Transfer on Death Forms for Vehicles are Allowed in Oklahoma
Beginning November 1, 2016, Oklahoma now allows the use of a transfer on death form for vehicles, also called a “Transfer on Death Notice Application.” The link to the free form can be found here. This form allows vehicle owners to designate a “transferee” who will receive ownership of the vehicle after the record owner’s death– without having to probate the title to the vehicle.
The form must be properly filled out before the record owner’s death, but can be submitted to the Oklahoma Tax Commission before or after the record owner’s death. The transferee designation may be revoked or changed at any time prior to the record owner’s death by completing the “Amend/Revoke Notice Application” portion of the form. The record owner is still free to transfer or sell the vehicle to someone other than the named transferee prior to the record owner’s death. If the record owner chooses to do so, the transfer on death designation is merely considered cancelled.
If the record owner does pass away while the title is still in their name, the named transferee must complete the “TOD Transferee Affidavit” portion of the form and send it to the Oklahoma Tax Commission along with a copy of the record owner’s death certificate in order to accept ownership of the vehicle. Alternatively, the named transferee has the option of disclaiming any ownership interest in the vehicle if they do not want to accept the transfer.
If the vehicle is owned by multiple individuals, the transfer of ownership to the named transferee cannot take effect until all record owners have died.
If the vehicle title reflects an active lien at the time the transferee submits the “TOD Transferee Affidavit” and death certificate, the transfer on death designation cannot take effect and will be considered cancelled.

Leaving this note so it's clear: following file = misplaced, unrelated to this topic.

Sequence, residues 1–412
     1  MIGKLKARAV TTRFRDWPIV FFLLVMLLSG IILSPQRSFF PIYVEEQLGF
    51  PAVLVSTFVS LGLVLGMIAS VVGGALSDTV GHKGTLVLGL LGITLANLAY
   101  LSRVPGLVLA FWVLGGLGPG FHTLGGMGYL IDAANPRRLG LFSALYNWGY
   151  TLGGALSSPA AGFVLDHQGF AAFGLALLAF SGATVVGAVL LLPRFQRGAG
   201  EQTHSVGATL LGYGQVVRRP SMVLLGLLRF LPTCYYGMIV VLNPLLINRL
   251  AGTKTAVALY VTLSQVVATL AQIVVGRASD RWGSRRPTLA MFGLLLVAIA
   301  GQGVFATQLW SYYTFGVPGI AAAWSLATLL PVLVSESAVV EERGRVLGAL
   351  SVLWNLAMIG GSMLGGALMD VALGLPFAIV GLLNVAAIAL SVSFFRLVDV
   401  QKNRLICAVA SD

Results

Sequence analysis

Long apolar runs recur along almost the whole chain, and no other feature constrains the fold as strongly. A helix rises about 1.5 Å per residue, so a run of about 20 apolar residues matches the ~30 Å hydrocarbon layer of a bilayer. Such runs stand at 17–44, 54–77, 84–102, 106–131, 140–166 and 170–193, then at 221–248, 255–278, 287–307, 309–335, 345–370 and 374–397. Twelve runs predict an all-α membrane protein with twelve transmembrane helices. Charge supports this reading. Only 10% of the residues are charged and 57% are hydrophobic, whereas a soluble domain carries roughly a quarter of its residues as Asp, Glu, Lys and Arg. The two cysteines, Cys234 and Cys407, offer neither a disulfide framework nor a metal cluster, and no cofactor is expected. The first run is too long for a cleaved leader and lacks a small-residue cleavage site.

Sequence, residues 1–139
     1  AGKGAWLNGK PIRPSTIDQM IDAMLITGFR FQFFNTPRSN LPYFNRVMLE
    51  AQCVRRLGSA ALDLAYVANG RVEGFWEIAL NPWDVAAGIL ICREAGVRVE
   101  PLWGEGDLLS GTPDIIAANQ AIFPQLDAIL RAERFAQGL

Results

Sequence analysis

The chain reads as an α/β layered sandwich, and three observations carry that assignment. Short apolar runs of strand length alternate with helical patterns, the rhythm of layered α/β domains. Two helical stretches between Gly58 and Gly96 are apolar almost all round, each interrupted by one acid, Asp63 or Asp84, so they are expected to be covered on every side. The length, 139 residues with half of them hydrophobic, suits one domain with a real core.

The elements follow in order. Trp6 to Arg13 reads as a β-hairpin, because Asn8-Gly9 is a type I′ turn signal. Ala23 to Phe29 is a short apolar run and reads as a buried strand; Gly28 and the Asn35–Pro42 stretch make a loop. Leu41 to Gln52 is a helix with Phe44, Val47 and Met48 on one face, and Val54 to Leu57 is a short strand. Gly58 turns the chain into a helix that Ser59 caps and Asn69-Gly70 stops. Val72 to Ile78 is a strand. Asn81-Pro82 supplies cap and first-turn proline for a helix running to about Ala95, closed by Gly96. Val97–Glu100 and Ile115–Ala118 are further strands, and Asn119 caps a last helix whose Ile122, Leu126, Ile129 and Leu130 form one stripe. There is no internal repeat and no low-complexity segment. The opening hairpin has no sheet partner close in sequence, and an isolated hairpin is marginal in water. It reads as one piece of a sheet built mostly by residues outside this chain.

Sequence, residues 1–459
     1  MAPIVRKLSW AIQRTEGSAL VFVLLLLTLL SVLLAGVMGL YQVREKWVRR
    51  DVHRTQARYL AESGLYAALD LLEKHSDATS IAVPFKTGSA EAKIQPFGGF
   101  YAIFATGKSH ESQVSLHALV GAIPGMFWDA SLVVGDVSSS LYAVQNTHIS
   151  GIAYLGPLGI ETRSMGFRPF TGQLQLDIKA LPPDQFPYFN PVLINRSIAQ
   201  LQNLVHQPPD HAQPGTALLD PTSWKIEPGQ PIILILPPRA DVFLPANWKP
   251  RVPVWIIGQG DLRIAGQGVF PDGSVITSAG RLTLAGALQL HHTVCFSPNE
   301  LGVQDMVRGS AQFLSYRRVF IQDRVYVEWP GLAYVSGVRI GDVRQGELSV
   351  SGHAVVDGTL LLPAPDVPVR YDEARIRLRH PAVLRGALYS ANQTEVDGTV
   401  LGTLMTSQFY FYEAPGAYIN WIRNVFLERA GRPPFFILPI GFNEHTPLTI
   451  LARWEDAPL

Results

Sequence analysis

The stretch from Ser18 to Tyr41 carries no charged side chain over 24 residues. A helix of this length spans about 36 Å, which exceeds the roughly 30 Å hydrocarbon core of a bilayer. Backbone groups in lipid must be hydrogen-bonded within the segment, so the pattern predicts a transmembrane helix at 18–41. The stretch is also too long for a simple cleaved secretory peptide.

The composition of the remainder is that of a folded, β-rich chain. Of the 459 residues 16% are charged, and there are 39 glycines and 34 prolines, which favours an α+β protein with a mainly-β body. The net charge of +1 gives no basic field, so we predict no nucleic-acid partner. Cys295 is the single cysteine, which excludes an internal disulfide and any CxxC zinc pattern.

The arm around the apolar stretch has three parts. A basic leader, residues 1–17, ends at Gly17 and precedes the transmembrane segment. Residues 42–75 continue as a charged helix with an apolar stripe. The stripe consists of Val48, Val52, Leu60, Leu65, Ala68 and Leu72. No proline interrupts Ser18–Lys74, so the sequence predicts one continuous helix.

While the vehicle transfer on death form cannot take care of avoiding probate for other items, such as household contents and real estate, it is a simple tool that can assist Oklahomans in transferring vehicles to their loved ones without subjecting the vehicle to probate.
Other ways to avoid probating vehicles include creating a trust and titling your vehicles in the name of your trust– which would also have the benefit of avoiding probate for items and property other than vehicles. Alternatively, in some situations your successors can utilize what is commonly referred to as a “small estate affidavit” pursuant to 58 O.S. § 393, which has certain requirements and limitations of its own.
If you have questions about these or other estate planning options, our firm offers a free estate planning consultation and can help answer any questions you have. Please feel free to contact us by phone at 918-323-9100 or by email at email@example.com.
Cassandra L. Coats is a partner at Ward Lee & Coats law firm in Vinita, Oklahoma. While Ward Lee & Coats is a full service law firm, Cassandra focuses her practice on estate planning, as well as adoption, guardianship, probate, real estate, contract, and personal injury law.